Accusations of dishonesty
Councilmember Lisa Taylor, of Painttown, asked Sneed to address the issue during a Dec. 7 Tribal Council meeting.
“I’d like you to address something that I’ve been hearing in the community. I hope it is a rumor, and I’d just like you to squelch it publicly,” she said. “I’ve been getting phone calls that six or seven employees from the last administration paid out $75,000 for a settlement, and I think the people need to know.”
In response, Sneed acknowledged that a settlement had been made in the lawsuit and said that it was paid from a line item that the tribe has budgeted for lawsuits. The tribe has liability insurance, he said, and the company had agreed to pay a portion of the settlement with the tribe footing the rest of the bill. However, he told Taylor, he couldn’t say anything more specific than that.
“There’s a nondisclosure agreement, so I’m not supposed to talk about the details of it,” he said.
“I thought they lost in the lower court,” Taylor said later in the discussion.
“No ma’am,” Sneed said.
Lambert was in attendance at that meeting, and before the meeting ended that day he made his way to the podium to express his opinion of Sneed’s comments.
“What was stated here at the podium is a direct lie,” Lambert said. “Those people did lose their case. Because of the tribe not having waived sovereign immunity, they lost their case. They appealed that to the Supreme Court.”
At the point the case was settled, Lambert said, the tribe was winning its appeal. Also a lie, Lambert said in comments posted on Facebook Sunday, Dec. 17, was Sneed’s reference to the existence of a nondisclosure agreement.
“It’s simply a ploy and straight-out lie for Richie (Sneed) or anyone else to say this agreement is confidential and it can’t be discussed,” Lambert wrote.
In fact, the Nov. 6 agreement, which Lambert also posted, expressly states that the agreement is not confidential and is subject to public records laws.
“There is no confidentiality agreement with respect to the terms of this Agreement and Plaintiffs acknowledge that this Agreement may be subject to disclosure pursuant to Chapter 132 (Public Records) of the Cherokee Code. However, the negotiations that occurred during the mediated settlement conference shall remain confidential,” section five of the document reads.
Lambert also alleged that the payout itself was unnecessary and negotiating a settlement above what is covered by insurance is illegal.
“Richie (Sneed) decided instead of allowing the court case to proceed forward through the Supreme Court, where it is certain they would have upheld the decision of dismissal of several claims and would have ruled on behalf of the Tribe in the other claims and the Tribe would have won again, Richie said NO we (we meaning the Tribe) should pay them — essentially give his friends a pocketful of money even though they were losing their case,” Lambert wrote.
The insurance company limited its payments for settlement at $180,000, Lambert wrote, far short of the total $698,000 settlement. Section 1-2(g)(3) of the Cherokee Code states that recovery for tort claims against the tribe is “not to exceed the amount of liability coverage maintained by the tribe.”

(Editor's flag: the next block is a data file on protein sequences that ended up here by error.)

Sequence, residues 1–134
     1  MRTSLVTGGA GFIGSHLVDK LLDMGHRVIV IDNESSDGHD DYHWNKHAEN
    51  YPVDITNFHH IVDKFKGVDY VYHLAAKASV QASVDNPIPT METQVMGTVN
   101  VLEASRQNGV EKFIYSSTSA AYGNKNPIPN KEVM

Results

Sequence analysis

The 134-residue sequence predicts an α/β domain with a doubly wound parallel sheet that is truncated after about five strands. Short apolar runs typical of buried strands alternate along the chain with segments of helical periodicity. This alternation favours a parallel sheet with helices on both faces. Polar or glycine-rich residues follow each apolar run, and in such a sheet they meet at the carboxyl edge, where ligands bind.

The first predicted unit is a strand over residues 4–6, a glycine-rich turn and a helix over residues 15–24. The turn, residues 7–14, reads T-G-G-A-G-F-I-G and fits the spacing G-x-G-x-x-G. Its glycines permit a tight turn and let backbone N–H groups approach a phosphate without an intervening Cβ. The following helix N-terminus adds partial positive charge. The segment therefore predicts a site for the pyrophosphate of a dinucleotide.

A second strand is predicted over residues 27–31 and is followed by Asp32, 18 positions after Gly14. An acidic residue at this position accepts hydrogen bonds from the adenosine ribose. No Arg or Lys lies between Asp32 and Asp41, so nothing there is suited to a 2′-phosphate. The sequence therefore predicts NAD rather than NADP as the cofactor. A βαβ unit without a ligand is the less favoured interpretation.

“The law was violated by paying any of this settlement out of tribal funds,” he wrote.
The morning after Lambert’s post, which included the settlement documents and his commentary on them, Sneed posted a link to his response, displayed on The Cherokee One Feather site under the heading “Principal Chief’s Report for December 2017.”
The first portion of the article dealt with the settlement issue, including a brief recap of the case and mediation followed by two paragraphs expressing Sneed’s desire to promote healing within the tribe after the impeachment turmoil and the high priority he places on treating tribal employees with respect.
“I think those who use their talents, experience and education to benefit the Tribe are one of our most valuable resources,” Sneed wrote. “Our Tribe must work to have unity and to resist the continuing allegations of wrongdoing by those who themselves have jeopardized our Tribe through misconduct. During this season of hope and joy, we should all join together to work for the betterment of our Tribe through good work, not discontent.”
However, Sneed’s statement did not directly address all of the issues Lambert brought up, such as the lack of a confidentiality agreement, the legality of using tribal money for settlement payments or revision of the original $525,000 agreement to a much higher $698,000.
The Smoky Mountain News reached out to Sneed for an interview and was referred to the posted statement. Sneed did not respond to a reply stating that the paper had further questions after reading the statement.
The paper sent a follow-up email listing questions such as the reason for increasing the settlement payout between October and November, explanation of Sneed’s statement that a nondisclosure agreement prevented him from discussing the settlement, the amount of the $698,000 to be paid by the insurance company and the reason the agreement was not presented to Tribal Council in October. As of press time, no response had been received.